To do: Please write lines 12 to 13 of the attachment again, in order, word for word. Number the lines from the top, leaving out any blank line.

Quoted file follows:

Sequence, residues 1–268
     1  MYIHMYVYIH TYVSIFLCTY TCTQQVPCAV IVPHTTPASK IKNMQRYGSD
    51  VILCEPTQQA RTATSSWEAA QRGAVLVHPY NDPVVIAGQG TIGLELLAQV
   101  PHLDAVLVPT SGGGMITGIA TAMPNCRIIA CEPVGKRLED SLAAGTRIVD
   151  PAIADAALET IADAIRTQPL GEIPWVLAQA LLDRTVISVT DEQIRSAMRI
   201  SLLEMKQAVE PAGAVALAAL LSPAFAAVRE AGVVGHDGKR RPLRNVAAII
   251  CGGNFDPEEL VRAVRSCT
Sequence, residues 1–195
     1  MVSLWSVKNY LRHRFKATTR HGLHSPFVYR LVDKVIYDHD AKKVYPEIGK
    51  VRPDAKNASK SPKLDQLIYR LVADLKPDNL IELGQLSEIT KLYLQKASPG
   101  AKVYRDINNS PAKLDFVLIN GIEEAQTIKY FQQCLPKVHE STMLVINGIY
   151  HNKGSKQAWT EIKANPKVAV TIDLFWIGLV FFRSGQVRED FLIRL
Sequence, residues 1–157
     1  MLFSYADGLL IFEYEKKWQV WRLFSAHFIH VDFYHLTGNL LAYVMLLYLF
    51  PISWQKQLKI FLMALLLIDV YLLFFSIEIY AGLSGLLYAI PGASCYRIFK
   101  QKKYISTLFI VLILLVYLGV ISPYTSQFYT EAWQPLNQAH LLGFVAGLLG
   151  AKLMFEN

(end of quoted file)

   151  HNKGSKQAWT EIKANPKVAV TIDLFWIGLV FFRSGQVRED FLIRL
Sequence, residues 1–157